Meningococcal Disease: Shifting Epidemiology and Genetic Mechanisms That May Contribute to Serogroup C Virulence

Meningitis and Vaccine Preventable Diseases Branch, Division of Bacterial Diseases, National Center for Immunization and Respiratory Diseases, Centers for Disease Control and Prevention, 1600 Clifton Road Northeast, MS C-09, Atlanta, GA, 30333, USA, .
Current Infectious Disease Reports 05/2011; 13(4):374-9. DOI: 10.1007/s11908-011-0195-7
Source: PubMed

ABSTRACT During the past decade, monovalent serogroup C and quadrivalent (serogroups A, C, W135, Y) meningococcal vaccination programs have been introduced in multiple industrialized countries. Many of these programs have been successful in reducing the burden of disease due to vaccine-preventable serogroups of Neisseria meningitidis in target age groups. As a result, disease burden in these countries has decreased and is primarily serogroup B, which is not vaccine preventable. Despite the success of these programs, meningococcal disease continues to occur and there is always concern that serogroup C organisms will adapt their virulence mechanisms to escape pressure from vaccination. This review highlights the current epidemiology of meningococcal disease in Europe and United States, as well as genetic mechanisms that may affect virulence of serogroup C strains and effectiveness of new vaccines.

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    • "From 1998 to 2007, serogroup C (MenC) disease resulted in the highest case fatality ratio (14.6) among the three serogroups [1]. MenC often results in more severe sequelae in its survivors and has a predilection to cause outbreaks [2] [3] [4]. Sequence type (ST) 11/electrophoretic type (ET) 37 clonal complex was responsible for outbreaks in U.S. army military recruits in the 1960s and continues to cause outbreaks in the U.S. today [1] [5]. "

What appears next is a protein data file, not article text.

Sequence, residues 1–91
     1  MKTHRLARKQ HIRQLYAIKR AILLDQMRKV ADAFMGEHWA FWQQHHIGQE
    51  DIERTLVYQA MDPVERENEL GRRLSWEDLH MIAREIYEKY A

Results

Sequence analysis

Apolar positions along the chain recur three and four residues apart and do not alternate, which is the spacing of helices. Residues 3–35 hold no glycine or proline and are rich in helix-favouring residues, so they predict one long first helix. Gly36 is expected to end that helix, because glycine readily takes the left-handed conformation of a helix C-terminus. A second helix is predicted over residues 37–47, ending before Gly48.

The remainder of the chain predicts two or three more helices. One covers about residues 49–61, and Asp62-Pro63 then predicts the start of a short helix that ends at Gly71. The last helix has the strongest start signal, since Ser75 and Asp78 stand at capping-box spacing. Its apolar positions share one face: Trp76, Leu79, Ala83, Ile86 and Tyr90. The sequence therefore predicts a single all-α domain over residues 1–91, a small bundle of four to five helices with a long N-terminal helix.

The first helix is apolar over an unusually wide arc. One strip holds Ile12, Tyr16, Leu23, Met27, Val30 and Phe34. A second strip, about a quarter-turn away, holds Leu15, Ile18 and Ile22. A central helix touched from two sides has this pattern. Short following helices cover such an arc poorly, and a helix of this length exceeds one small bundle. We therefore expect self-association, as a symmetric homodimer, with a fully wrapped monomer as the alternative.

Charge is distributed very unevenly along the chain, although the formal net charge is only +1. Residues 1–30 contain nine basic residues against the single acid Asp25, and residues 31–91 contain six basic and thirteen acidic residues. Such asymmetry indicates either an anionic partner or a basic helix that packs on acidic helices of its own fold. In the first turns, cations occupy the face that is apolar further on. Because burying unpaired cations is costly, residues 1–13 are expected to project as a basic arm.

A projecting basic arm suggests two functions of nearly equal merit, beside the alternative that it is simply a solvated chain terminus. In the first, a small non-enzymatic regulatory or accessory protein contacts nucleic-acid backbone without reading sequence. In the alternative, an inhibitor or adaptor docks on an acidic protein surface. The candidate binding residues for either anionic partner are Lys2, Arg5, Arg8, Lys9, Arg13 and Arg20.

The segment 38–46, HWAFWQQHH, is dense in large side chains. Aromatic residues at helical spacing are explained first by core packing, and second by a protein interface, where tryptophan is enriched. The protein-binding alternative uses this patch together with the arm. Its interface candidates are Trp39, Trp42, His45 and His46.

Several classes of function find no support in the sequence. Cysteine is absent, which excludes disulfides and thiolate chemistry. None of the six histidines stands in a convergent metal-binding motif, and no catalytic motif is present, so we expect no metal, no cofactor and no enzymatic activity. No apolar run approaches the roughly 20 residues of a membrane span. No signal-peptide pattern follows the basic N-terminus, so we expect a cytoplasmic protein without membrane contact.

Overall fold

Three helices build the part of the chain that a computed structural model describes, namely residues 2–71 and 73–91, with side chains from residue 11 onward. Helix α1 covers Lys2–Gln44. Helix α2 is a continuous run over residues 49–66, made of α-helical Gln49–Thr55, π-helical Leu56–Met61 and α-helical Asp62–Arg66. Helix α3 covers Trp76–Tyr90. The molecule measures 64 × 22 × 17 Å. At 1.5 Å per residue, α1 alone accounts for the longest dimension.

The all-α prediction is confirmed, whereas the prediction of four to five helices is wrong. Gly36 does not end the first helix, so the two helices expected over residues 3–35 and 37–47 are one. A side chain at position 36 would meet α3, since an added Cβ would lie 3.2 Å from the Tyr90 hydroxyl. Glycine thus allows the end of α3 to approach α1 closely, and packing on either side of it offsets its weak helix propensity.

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    ABSTRACT: Serogroup C meningococcal (MenC) disease accounts for one-third of all meningococcal cases and causes meningococcal outbreaks in the U.S. Quadrivalent meningococcal vaccine conjugated to diphtheria toxoid (MenACYWD) was recommended in 2005 for adolescents and high risk groups such as military recruits. We evaluated anti-MenC antibody persistence in U.S. military personnel vaccinated with either MenACYWD or meningococcal polysaccharide vaccine (MPSV4). Twelve hundred subjects vaccinated with MenACYWD from 2006 to 2008 or MPSV4 from 2002 to 2004 were randomly selected from the Defense Medical Surveillance System. Baseline serologic responses to MenC were assessed in all subjects; 100 subjects per vaccine group were tested during one of the following six post-vaccination time-points: 5-7, 11-13, 17-19, 23-25, 29-31, or 35-37 months. Anti-MenC geometric mean titers (GMT) were measured by rabbit complement serum bactericidal assay (rSBA) and geometric mean concentrations (GMC) by enzyme-linked immunosorbent assay (ELISA). Continuous variables were compared using the Wilcoxon rank sum test and the proportion of subjects with an rSBA titer ≥8 by chi-square. Pre-vaccination rSBA GMT was <8 for the MenACWYD group. rSBA GMT increased to 703 at 5-7 months post-vaccination and decreased by 94% to 43 at 3 years post-vaccination. GMT was significantly lower in the MenACWYD group at 5-7 months post-vaccination compared to the MPSV4 group. The percentage of MenACWYD recipients achieving an rSBA titer of ≥8 decreased from 87% at 5-7 months to 54% at 3 years. There were no significant differences between vaccine groups in the proportion of subjects with a titer of ≥8 at any time-point. GMC for the MenACWYD group was 0.14μg/mL at baseline, 1.07μg/mL at 5-7 months, and 0.66μg/mL at 3 years, and significantly lower than the MPSV4 group at all time-points. Anti-MenC responses wane following vaccination with MenACYWD; a booster dose is needed to maintain protective levels of circulating antibody.
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